Brush Control


By Duane Friend

Most landowners and farmers are continually being plagued with problems associated with controlling unwanted trees and shrubs and keeping them from becoming established in fencerows, drainage-ditch banks, pastures, rights-of-way, and other non-crop areas. What many people refer to as “brush” may actually be trees and shrubs known by the common names of box elder, locust, red cedar, mulberry, hedge, multiflora rose, soft maple, brambles, honeysuckle, sumac, hackberry, willow, trumpet creeper, or even poison ivy.

During the dormant (winter) season, a basal bark or cut stump treatment may be effective.

The following information comes from Iowa State University Extension forester Jesse Randall.

Basal sprays are very effective on re-sprouting species and can be used to kill cane patches and thickets, as well as large trees up to 6-8 inches in diameter. Oil soluble herbicides are applied in a bark penetrant carrier. The spray should saturate the lower 18 inches of trunk, crown buds, exposed roots and the soil directly around the base of the trees or brush to optimize control. Applications can be made any time of year, although fall and dormant season treatments often are most effective.

Cut stump, girdle, frill hack and squirt, and Hatchet injection methods are very effective on re-sprouting species of any size. Treatment can be made any time of year. However, application made during periods of heavy sap flow in spring may result in poor control or injury to surrounding trees. These treatments are excellent for selectively controlling unwanted trees and thick-stemmed brush without injury to surrounding trees, bushes, and ground cover. However, brushy thickets, canes, and multi-trunk trees are difficult to treat. Treat the plant before the cut-surface dries (within 2 to 3 hours after cutting but preferably within 15 to 30 minutes) for optimum control. Only the outer edge (sapwood-cambium area) needs to be treated. Several products are formulated specifically for cut-surface treatments (Tordon RTU, Weedone CB, Banvel CST). These products usually contain penetrants and dyes, and do not require mixing. A common error when using any of these three methods involves over application of chemical. This wastes the chemical, which can be expensive, and it can lead to flashback in the soil.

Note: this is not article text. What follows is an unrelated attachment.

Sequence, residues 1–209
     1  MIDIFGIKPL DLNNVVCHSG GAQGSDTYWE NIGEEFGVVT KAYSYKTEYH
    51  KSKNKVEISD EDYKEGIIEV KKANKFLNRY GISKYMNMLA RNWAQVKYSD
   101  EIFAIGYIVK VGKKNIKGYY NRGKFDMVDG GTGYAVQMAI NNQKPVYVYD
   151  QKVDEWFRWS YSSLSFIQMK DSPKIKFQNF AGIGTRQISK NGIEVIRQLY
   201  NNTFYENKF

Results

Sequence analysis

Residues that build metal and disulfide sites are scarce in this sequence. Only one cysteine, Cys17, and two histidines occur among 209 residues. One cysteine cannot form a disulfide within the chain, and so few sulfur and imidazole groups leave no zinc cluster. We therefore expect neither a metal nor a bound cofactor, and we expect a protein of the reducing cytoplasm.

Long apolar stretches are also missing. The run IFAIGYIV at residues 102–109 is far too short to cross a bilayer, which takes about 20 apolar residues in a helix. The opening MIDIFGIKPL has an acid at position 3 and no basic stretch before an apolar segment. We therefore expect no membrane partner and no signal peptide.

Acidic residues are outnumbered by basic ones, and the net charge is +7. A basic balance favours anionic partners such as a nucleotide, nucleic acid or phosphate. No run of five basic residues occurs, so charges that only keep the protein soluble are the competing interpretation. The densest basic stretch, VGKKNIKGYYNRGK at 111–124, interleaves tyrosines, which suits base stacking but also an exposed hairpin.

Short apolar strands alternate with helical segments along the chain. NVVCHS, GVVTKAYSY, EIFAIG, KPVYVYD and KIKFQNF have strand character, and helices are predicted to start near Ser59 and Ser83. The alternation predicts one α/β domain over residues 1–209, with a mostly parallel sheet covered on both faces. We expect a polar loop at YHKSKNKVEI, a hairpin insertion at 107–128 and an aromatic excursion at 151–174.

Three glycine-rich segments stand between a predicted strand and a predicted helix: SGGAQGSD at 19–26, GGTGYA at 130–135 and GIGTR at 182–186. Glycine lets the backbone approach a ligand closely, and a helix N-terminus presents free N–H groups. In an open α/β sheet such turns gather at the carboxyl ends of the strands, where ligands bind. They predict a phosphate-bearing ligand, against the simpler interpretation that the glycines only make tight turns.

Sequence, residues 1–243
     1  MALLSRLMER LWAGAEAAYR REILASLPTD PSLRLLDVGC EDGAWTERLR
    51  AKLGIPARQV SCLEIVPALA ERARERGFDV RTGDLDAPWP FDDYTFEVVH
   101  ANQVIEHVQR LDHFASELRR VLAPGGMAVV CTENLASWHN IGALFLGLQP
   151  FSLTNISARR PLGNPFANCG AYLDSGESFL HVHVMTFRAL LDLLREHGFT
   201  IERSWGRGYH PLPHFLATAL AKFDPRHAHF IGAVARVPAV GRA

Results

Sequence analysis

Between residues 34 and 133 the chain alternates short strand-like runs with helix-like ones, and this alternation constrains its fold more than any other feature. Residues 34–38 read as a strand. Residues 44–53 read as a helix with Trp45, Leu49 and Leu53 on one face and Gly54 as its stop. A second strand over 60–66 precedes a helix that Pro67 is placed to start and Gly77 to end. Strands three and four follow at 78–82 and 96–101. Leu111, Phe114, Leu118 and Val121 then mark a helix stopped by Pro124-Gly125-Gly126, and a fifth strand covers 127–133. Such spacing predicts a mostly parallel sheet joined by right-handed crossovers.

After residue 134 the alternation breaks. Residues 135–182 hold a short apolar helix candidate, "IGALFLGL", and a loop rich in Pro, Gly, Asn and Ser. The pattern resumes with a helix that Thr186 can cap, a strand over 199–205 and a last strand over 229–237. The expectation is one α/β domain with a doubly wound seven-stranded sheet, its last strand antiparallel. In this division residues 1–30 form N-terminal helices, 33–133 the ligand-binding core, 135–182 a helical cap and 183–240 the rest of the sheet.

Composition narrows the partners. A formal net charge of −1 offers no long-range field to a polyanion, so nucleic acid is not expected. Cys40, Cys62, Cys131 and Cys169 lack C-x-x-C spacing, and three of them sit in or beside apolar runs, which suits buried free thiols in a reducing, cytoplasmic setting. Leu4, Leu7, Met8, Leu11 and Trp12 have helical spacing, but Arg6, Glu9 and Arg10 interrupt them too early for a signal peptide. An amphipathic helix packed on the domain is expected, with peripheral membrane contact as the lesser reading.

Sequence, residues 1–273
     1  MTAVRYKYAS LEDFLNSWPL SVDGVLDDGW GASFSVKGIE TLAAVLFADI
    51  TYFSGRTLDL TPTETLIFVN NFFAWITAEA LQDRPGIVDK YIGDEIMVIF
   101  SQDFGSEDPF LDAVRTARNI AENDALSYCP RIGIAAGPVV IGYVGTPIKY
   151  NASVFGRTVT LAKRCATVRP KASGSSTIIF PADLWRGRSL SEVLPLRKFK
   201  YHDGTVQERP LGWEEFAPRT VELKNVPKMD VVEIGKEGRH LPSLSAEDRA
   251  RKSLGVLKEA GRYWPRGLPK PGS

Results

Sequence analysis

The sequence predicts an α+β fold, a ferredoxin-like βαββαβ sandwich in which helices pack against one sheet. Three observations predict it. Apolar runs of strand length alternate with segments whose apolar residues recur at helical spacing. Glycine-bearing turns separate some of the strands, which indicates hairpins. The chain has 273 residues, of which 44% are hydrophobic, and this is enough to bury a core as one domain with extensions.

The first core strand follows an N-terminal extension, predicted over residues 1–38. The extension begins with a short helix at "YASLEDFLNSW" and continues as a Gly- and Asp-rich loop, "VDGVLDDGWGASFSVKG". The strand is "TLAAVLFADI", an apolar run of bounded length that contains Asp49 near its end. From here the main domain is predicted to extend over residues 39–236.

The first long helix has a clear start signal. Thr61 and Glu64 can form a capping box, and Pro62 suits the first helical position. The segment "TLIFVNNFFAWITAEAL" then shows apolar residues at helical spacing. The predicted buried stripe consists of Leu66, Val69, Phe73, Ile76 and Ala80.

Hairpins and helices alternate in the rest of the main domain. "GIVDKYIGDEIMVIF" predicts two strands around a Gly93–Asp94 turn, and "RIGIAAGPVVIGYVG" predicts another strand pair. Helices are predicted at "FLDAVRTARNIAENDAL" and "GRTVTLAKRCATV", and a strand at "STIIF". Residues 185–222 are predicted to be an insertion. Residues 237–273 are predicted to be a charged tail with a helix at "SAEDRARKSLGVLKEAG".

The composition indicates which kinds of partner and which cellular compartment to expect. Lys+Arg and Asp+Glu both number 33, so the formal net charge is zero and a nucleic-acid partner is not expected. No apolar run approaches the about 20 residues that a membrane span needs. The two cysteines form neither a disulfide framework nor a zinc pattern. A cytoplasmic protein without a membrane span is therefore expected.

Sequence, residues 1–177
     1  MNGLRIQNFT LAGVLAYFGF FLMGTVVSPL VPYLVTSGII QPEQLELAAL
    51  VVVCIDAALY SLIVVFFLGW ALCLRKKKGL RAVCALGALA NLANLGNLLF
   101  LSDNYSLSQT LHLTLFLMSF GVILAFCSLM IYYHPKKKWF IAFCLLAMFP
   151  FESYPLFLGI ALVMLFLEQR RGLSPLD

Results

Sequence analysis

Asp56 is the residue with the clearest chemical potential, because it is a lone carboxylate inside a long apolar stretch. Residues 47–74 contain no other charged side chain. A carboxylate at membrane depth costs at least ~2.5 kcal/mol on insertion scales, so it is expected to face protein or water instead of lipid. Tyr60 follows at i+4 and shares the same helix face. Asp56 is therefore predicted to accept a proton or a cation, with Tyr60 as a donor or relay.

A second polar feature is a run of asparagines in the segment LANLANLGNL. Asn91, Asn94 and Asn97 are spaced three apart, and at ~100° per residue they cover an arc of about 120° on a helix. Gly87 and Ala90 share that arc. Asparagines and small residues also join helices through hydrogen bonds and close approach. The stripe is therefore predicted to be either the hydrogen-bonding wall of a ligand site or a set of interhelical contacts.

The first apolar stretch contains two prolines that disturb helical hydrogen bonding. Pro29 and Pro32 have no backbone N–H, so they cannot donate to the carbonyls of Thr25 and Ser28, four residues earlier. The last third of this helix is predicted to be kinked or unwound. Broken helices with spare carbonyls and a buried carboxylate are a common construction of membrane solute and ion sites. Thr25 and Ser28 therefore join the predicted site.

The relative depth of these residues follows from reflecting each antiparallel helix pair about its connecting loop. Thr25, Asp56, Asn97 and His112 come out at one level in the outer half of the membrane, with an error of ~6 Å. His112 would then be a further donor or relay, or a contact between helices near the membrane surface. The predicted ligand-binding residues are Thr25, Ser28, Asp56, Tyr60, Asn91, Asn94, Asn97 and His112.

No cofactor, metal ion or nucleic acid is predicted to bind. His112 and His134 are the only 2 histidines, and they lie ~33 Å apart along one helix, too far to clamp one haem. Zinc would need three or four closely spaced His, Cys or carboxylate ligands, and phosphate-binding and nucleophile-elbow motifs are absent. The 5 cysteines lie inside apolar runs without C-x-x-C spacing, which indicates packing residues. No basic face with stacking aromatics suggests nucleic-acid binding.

Flashback is where the chemical enters the soil around the tree or shrub that you were intending to kill and it kills all plant material in that zone. Some chemicals can sterilize the soil for years and not allow desired trees to establish and grow.

Glyphosate “Roundup” has been shown to be equally effective in cut stump, frill, and hatchetinjections by varying the concentration. A 50/50 mix of Glyphosate andwater is highly effective from August to November, and from November to February a 75/25 of roundup and water spray will control trees.

When using herbicides for brush control, it is very important to read and follow the directions carefully and completely as there may be restrictions associated with grazing periods and harvest clearances, or application to aquatic areas, drainage ditches, etc. Never apply herbicides without reading and following label directions!

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About the author

Duane is an Educator with University of Illinois Extension in the Calhoun/Cass/Greene/Morgan/Scott unit.

View all articles by Duane Friend

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